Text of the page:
loader is normally invoked indirectly via the system, but nothing keeps
you from calling it directly, passing it the name of the dynamically
linked binary to run and the directory where the packed-up libs reside –
see “man ld.so” for details (“ld.so” is the generic name of the dynamic
loader, the actual name on today’s 64-bit boxes is typically
ld-linux-x86-64.so.2, which itself is a symlink to ld-<version>.so).
The loader is a statically linked binary, and thus doesn’t need any
libs itself.
 
As I found myself needing something like this rather frequently, I’ve
put together a little Perl script which automates these steps.

So I got his script (which you can find in the thread on the mailing list) and it worked!  I had to keep tweaking some things to get it just right for my environment, but I got it to the point where I could ssh to my shell session and then type “mc” and I was in an environment that I knew and I could be productive.

Here are the steps I took to make it work in the O2switch environment. YMMV in other environments!  Also this was back in September 2016 so I’ve forgotten a bit of what I did and some of my notes are not as helpful to me at the moment, but I think they’ll get the persistant going in the right direction.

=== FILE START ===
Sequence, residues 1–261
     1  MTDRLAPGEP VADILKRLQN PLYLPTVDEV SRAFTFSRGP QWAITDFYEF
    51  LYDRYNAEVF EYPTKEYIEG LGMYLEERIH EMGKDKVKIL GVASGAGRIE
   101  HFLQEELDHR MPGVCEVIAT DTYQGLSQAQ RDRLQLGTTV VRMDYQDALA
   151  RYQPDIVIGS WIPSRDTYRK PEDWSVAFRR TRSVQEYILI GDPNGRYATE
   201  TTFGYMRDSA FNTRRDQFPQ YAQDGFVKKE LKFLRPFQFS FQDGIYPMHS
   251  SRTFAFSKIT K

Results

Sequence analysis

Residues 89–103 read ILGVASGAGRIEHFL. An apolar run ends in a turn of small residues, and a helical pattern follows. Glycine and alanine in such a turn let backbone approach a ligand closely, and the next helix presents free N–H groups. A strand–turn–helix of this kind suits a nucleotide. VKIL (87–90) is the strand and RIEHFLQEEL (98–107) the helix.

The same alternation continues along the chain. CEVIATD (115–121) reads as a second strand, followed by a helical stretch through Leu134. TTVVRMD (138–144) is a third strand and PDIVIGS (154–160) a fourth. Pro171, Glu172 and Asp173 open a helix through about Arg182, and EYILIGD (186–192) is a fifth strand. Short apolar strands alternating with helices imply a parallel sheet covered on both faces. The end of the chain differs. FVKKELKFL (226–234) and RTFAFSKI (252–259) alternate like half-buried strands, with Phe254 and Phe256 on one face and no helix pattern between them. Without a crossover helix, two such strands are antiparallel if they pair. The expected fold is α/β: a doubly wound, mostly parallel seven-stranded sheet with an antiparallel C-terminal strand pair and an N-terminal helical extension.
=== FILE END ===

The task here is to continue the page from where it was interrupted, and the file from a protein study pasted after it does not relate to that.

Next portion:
1. Followed Erdmut’s directions in the thread
  2. Used mc from CentOS 6.8 package installation (it’s version 4.7.0.2)
  3. Added /usr and /etc parts (oops – I don’t totally remember what this means!  I think it’s creating a /usr and /etc structure in my local “mc” directory, which I named “mymc”, and copying in the files from the package installation that would normally be in the root “/usr” and root “/etc” directory structures in a typical system-wide installation)
  4. run strace -o ~/ztrace.txt -e trace=file ./mc and review the file not found output to see what needs to be fixed
  5. cp ~/mymc/etc/mc/Syntax ~/mymc/etc
  6. cp ~/mymc/etc/mc/mc.lib ~/mymc/etc
  7. cp ~/mymc/etc/mc/mc.menu ~/mymc/etc
  8. cp ~/mymc/usr/share/mc/skins ~/mymc/etc
  9. cp ~/mymc/etc/mc/filehighlight.ini ~/mymc/etc
  10. cp ~/mymc/etc/mc/mc.keymap ~/mymc/etc
  11. cp ~/mymc/usr/share/mc/mc.hint ~/mymc/etc/mc.hint.  (the “.” at the end is important!) (this brings the prompt)